Business & National Affairs (BNA) reported in their May 21, 2009 Occupational Safety & Health Reporter that Michaels has given hints of what he might do as OSHA Administrator.  In the Winter 2009 issue of the New York Committee of Occupational Safety and Health’s SafetyRep newsletter, Michaels defined four objectives the agency should undertake:

  • Issue a workplace injury and illness prevention program rule
  • Increase training grants
  • Develop a new electronic recordkeeping and reporting system
  • Launch a campaign to change the way the nation thinks about workplace safety.

The first objective on Michaels’ list will require each business owner to develop a written safety and health program. Accomplishing an effective and comprehensive written program is easier said than done. Nonetheless, it is a foundational element in creating the workplace culture of safety Michaels talks about. 

For more information on how to develop your own written safety and health program, check out this article by Pierce Atwood. You can also find more information at MEMIC’s Safety Director. If you are not already registered at Safety Director, go ahead and register to have access to beneficial information, such as “Safety Director for Small Business” and “7 Steps to a Safer Workplace” to assist you with your own written safety and health program. You can even survey your organization against 4 key drivers:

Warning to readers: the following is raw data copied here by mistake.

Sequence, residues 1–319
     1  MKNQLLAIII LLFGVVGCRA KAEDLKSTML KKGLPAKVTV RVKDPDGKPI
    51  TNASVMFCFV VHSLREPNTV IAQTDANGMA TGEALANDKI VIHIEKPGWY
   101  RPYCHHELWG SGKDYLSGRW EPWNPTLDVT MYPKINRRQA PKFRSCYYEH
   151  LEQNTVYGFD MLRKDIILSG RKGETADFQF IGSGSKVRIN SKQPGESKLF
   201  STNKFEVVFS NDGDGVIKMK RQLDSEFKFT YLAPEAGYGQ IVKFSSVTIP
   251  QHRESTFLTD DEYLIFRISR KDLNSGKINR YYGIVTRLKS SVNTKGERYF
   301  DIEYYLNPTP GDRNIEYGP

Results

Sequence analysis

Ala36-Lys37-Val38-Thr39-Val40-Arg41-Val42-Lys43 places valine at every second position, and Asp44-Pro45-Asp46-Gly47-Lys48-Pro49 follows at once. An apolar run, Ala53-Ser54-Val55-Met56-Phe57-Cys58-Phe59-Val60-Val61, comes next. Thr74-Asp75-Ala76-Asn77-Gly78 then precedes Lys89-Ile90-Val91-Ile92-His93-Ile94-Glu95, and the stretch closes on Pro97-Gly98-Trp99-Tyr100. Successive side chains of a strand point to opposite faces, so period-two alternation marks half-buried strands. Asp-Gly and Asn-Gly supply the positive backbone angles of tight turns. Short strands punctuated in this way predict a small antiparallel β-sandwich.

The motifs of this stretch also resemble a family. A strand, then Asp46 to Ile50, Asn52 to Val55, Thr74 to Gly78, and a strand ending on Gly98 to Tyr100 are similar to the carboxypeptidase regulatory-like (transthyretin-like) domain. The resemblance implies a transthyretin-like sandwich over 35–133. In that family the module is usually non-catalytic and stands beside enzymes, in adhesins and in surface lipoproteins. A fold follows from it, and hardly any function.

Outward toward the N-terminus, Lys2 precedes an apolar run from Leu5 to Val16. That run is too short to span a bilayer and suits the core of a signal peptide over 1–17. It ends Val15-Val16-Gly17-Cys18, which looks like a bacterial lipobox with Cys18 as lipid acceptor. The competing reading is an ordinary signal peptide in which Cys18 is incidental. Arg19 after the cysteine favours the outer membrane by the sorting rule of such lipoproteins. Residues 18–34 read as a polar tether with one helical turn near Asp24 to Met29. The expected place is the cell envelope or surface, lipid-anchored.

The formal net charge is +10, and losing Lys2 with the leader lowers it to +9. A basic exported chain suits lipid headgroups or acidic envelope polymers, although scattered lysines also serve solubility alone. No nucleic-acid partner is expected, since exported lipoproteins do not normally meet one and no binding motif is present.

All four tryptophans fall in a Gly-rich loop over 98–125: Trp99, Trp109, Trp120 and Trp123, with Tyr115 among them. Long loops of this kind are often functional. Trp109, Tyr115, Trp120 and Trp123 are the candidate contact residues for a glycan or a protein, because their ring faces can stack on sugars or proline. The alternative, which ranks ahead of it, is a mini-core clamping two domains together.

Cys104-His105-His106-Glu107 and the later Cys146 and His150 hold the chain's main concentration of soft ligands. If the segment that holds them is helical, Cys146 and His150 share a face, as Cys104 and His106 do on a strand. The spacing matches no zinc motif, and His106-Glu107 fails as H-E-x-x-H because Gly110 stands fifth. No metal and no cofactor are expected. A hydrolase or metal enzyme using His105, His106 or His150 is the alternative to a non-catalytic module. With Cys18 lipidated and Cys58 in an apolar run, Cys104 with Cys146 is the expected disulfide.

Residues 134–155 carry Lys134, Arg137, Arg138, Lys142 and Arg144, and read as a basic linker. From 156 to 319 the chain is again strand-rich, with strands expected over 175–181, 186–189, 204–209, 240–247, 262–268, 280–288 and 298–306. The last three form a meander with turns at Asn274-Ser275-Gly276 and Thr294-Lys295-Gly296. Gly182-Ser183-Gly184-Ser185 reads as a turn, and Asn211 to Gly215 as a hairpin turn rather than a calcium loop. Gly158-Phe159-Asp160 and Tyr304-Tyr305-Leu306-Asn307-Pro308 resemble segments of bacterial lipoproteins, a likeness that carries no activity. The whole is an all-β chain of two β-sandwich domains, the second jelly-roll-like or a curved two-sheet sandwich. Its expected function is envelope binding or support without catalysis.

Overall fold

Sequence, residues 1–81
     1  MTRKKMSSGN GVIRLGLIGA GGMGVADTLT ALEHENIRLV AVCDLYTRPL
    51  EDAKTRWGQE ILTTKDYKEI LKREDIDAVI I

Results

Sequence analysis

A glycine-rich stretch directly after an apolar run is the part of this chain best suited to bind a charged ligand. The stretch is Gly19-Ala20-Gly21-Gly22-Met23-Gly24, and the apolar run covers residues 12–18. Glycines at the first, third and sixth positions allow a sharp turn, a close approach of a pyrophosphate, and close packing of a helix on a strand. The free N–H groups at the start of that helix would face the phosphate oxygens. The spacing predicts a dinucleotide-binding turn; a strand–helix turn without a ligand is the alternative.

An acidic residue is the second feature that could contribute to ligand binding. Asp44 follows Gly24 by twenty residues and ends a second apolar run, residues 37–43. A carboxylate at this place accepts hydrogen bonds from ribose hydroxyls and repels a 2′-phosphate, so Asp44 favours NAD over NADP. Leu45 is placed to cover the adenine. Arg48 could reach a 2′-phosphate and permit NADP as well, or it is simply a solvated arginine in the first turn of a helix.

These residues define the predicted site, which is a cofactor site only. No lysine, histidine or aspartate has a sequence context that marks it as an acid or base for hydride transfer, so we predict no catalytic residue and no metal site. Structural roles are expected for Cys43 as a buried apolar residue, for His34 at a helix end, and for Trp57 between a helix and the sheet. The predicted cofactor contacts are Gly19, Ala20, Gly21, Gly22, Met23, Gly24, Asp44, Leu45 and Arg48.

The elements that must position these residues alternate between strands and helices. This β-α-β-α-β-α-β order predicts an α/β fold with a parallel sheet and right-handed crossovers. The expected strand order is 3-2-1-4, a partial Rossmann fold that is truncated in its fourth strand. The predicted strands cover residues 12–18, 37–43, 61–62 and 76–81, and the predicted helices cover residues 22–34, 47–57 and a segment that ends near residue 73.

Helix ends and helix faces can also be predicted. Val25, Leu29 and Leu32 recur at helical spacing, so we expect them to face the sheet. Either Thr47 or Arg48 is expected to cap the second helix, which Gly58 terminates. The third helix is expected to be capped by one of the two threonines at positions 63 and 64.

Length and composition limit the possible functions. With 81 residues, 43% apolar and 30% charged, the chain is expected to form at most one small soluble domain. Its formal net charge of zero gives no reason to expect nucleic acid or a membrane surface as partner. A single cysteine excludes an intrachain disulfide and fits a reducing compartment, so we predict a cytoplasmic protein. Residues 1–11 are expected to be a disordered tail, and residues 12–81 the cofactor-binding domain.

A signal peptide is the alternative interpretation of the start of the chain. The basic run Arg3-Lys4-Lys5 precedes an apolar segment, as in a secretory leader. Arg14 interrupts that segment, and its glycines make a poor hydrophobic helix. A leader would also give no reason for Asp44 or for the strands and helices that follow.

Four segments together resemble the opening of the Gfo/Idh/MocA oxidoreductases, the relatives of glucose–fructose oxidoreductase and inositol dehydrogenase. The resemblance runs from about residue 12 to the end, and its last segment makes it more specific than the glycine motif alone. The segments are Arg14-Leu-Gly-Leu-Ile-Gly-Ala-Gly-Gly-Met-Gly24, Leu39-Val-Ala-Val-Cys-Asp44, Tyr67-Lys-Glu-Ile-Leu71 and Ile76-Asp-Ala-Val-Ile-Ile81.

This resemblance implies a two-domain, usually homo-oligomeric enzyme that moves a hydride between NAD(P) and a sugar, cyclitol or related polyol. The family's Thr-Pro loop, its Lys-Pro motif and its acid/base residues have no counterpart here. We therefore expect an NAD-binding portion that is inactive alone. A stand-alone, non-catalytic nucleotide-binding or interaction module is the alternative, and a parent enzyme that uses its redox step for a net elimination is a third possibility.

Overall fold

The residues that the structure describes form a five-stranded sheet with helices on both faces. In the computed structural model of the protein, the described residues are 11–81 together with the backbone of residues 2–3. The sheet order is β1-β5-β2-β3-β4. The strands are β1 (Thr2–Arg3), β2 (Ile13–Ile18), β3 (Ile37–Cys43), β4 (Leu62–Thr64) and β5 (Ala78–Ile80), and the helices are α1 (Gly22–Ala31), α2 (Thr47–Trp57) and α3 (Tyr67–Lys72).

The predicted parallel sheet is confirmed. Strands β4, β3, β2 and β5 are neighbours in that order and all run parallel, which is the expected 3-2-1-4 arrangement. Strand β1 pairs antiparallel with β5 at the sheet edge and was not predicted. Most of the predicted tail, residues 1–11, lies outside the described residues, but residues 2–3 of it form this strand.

• Workplace Conditions
  • Human Resource
  • Medical Management
  • Company Culture

Other sites to help you with your written safety and health program are the National Safety Council and OSHA.


Distracted Driving

Klatt Randy  Postedby Randy Klatt

Lately, it seems every time you read, watch, or listen to a news outlet, texting and cell phone usage while driving are the major topic of discussion.  States are quickly trying to nip this issue in the bud. New York, for example, will enact a statute outlawing texting while driving beginning November 1.

Maine is taking a different route, which could gain some national momentum, by enacting a distracted driver law.  This legislation, Senate Bill 15, was signed by Maine’s Governor Baldacci in June 2009 and will take effect on September 12, 2009, and is entitled, “An Act to Establish a Distracted Driver Law.”

According to the new Maine law, a driver fails to maintain control of a vehicle if he/she is engaging in activities that are not necessary to the operation of the vehicle, or activities that impair the ability of the person to safely operate the vehicle.

The new law defines "failure to maintain control of a motor vehicle" as committing a traffic violation or being involved in a reportable accident while engaged in the operation of a motor vehicle while distracted.

Although the law does not specify cell phone use, it is clearly intended to prevent distractions caused by these devices as well as other sources such as eating or drinking, applying makeup, reading a newspaper, texting, etc.